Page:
The Market for Independence in Taiwan
Regarding the Opinion page article "A Call for Independence in Taiwan," March 5: I strongly disagree with the author's claims that "many key government posts continue to be reserved for the Chinese political elite." Key posts within the government are occupied mostly by local Taiwanese. President Lee Teng-hui is a native Taiwanese, as is Lien Chan, the newly appointed premier. Also, the mayors of the two largest cities are Taiwanese, and all of the chiefs of the total 21 counties and cities throughout Ta iwan are Taiwanese as well.
Taiwan has been a part of China for several centuries, and 99 percent of its people are Chinese whose ancestors came from China. Following the end of the Sino-Japanese War (1894-95), Taiwan was placed under Japanese rule for 50 years. In 1945 the brutal occupation came to an end, and Taiwan was retroceded to China.
According to all public opinion polls conducted on Taiwan so far, the majority of the people there have never supported independence. During the all-Taiwan 1992 Second National Assembly election, the Democratic Progressive Party emphasized independence in its party platform and suffered a heavy defeat.
Is it in the best interest of the US to risk a possible confrontation with the entire Chinese population on the mainland who vehemently oppose independence? Or should the US allow the question of China's unification to continue under present conditions, to be resolved by the Chinese people themselves in a gradual, peaceful way? Frank S. S. Chang,,Boston Coordination Council for North American Affairs The AID identity crisis
The article "US Nears Overhaul of Foreign Aid Effort," March 4, accurately identifies the need for a profound restructuring of the US government's foreign aid effort.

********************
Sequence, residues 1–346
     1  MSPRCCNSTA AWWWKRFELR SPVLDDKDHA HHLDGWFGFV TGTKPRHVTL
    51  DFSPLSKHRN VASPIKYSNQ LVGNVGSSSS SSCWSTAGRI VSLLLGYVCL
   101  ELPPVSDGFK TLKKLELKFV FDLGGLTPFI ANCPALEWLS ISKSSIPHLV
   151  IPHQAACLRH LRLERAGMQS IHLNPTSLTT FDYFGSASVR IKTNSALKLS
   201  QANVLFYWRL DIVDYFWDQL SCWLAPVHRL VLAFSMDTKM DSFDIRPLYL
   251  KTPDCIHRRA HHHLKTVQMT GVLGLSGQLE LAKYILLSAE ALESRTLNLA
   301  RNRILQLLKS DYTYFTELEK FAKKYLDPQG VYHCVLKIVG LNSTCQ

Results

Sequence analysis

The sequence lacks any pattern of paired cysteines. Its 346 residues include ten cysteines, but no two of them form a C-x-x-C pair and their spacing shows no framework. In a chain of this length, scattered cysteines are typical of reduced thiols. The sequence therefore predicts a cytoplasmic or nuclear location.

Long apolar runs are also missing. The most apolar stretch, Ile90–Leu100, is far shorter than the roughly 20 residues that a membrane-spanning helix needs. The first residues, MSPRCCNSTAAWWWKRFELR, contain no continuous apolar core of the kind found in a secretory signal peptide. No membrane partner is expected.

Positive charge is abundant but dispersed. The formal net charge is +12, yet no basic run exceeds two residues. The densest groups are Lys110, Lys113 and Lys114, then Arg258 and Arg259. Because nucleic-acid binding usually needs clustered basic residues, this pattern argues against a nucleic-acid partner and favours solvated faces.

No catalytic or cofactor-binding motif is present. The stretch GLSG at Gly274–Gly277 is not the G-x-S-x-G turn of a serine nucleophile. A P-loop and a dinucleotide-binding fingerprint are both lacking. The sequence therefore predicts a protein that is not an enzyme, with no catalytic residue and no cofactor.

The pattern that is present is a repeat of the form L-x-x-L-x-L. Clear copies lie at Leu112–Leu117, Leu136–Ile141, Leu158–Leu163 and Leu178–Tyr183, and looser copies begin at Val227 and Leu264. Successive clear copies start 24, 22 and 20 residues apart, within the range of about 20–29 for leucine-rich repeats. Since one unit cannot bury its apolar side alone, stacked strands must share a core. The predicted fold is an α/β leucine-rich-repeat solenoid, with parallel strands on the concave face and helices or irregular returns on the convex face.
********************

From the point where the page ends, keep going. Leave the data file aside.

Foreign economic assistance must be better coordinated between executive branch agencies and the management structure, and operations of the Agency for International Development (AID) must be streamlined.
However, the Clinton administration should preserve parts of the system that function reasonably well. AID, for example, must remain responsive to major international crises, whether they are natural disasters like earthquakes or human disasters like wars. To assure that the agency does not run out of steam, the administration must direct aid resources to international development problems that are likely to exist for a long time. By focusing on long-term international crises, AID will avoid its own fu ture identity crisis.
Long-term problems include: world population growth; health and sanitation; education and opportunity improvements for women; and spiraling consumption of global natural resources. Matthew Auer, New Haven, Conn. Former official, AID Cut foreign aid
The front-page article "Floodgates Open for Suggestions to Cut Spending," March 5, is especially interesting in that not one politician or the president has suggested that foreign aid should be part of the sacrifices necessary to restore the American economy.
The billions of American tax dollars handed over to Egypt, Israel, and other nations - primarily to build military machines - are not to be reduced or taxed in the slightest. I am amazed at how our leaders think that sacrifice is only for American citizens and how sacred are the tax dollars they so generously pour into foreign economies. Dick Whitehead, Merritt Island, Fla.